What are the major cons of not receiving an afrotc scholarship but still joining?

brenneng

New Member
So as college creeps closer and closer approaching my Senior year I've started to pin down what I want to do in college. Sadly, since I had no idea the importance of school until last year (thanks, rebellious 14 years old me) I am in terrible standing GPA wise (if I finish this year with a 4.0 I will have a 3.07 GPA) so while I am still giving my passions a shot for a career in the military (Applying to USNA Summer Seminar, applying to both NROTC and AFROTC and applying to both respective academies) Obviously it is smart for me to have a plan B since I do not quite meet the expectations of the applicants academics wise.

Luckily, I actually live within 15 minutes of my state university and they offer an AFROTC program. If I were to join and not receive a scholarship (at least my first year) how exactly would that work and what would be the major disadvantages I'd have to someone with a scholarship(besides the obvious like the cost of school)? I'm assuming the majority of people in ROTC don't have scholarships so I was hoping a few people here have had experience without one.

A few questions I have about it right off the top are:
Can I still receive a commission if I don't get a 3/4 year scholarship or will they remove me from the unit?
Do scholarship recipients get any special benefits that I wouldn't?(again besides cost)

I've googles both of these and found some similar forums but I didn't quite get a concrete answer as opposed to several conflicting opinions on the topic
 

Tex232

Member
To answer your first two questions directly:

1. Yes, you can receive a commission even if you never earn a scholarship. In fact, I would venture to guess that the majority of officers currently being commissioned into the AF thru ROTC were never on scholarship.

2. Other than help with college costs, there are not really any added benefits. Students who enter college with a full AFROTC scholarship are able to contract sooner with the AF, but that's about it.

When I first joined AFROTC, I was not on scholarship, but eventually earned a 2.5 yr scholarship in my sophomore year. Even if you are on scholarship you will still have to compete for an Enrollment Allocation (essentially a commissioning slot). So if you join your local ROTC unit, you will be no different than anyone else in your year group at the unit. Its just that a few of them might be receiving tuition assistance from an ROTC scholarship where as you would not.
 

afrotc2022

Member
Tex232 is correct.
My older brother is a sophomore on a full-ride AFROTC scholarship, and I am hoping for the same, so I have some "intel" on scholarship stuff.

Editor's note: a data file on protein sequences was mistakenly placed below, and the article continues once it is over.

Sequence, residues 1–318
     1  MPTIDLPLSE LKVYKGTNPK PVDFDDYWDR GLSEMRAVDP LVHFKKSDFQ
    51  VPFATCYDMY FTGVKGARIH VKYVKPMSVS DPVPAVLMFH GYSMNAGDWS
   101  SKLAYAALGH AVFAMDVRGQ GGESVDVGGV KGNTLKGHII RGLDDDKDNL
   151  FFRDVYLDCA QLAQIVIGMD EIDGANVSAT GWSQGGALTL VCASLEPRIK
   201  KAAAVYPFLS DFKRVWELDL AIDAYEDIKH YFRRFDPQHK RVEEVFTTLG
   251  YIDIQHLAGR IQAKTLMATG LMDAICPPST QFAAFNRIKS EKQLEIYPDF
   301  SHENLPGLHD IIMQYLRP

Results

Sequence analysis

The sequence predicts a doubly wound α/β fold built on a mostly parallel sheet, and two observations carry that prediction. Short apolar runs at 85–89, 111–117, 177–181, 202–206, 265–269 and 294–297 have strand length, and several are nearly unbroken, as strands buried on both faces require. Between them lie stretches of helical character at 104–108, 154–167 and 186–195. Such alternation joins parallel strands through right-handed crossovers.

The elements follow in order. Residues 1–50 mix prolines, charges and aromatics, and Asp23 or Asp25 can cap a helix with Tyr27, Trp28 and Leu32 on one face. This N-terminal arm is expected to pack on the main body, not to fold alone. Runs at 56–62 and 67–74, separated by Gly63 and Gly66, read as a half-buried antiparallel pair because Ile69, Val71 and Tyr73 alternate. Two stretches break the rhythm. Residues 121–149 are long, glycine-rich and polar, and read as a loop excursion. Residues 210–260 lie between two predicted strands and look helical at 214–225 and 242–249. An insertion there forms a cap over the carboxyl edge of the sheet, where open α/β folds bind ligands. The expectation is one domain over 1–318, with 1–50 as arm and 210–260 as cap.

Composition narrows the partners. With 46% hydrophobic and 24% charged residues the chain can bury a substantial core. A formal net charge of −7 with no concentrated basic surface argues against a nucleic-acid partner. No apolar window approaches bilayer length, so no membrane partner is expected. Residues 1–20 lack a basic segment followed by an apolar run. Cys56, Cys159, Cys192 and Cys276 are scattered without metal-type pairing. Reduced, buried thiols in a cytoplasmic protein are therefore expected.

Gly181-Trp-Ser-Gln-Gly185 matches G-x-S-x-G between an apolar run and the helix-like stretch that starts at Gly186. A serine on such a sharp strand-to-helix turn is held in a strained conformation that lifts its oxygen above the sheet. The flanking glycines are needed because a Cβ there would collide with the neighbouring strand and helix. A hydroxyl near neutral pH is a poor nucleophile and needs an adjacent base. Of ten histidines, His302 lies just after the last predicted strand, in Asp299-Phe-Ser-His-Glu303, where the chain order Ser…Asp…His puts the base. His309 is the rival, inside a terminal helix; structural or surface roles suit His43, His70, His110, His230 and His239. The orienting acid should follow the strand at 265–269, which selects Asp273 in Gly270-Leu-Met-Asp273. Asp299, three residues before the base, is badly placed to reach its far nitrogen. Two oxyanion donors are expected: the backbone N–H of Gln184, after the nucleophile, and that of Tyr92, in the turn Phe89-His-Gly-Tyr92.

Scholarship cadets are "on contract", meaning they are technically enlisted in the AF Reserve (but don't have any commitments to the Reserve). They should however, get an ID card, which allows them such things as base access. I believe they can also get on Space-Available military flights, among other things. However, once they start your 1st sophomore semester, they have an actual commitment to the AF, since you're getting college paid for.

Once you get an EA (Enrollment Allocation)/pass field training, and enter the Professional Officer Course (Junior & Senior yrs), you will be "contracted" anyway. Really the biggest thing is just college paid for or not. No other advantages.

Hopefully that makes sense. And anyone else with better "intel" can correct me. I'm not an expert.
 

brenneng

New Member
Alright cool, thanks for the info. The enrollment allocation also includes the summer training (that the poster below mentioned) between sophomore and junior year correct? What are a few things I should plan on doing my first two years of college to make myself competitive for both a 3/2 yr scholarship or an EA?
 

Pima

10-Year Member
I will tell you that the majority of cadets are not on scholarship. Historically it is @16-18% of all applicants receive a scholarship, it is around 900 cadets. That number follows through with cadets in AFROTC.

IMPO the only way you know if a cadet is on scholarship is on the 1st and the 15th of the month. Why? Because that is when the cadets are paid their stipend, thus they are now flush with money! Cadets do not really discuss if they are on scholarship.

HQ AFROTC does not care if the cadet is on scholarship when it comes to the SFT aka LEAD board meets their AS200/250/500 yr. The scholarship portion is what the military calls "masked" or "blind". In other words the board does not know at all, it is all about their record as a cadet. Like the scholarship process there will be certain things that they look at, and those things will be given a %, resulting in a number. From that point HQ AFROTC says we need 2000 cadets to attend SFT. They draw a line at 2000. Above and you go, below and you don't.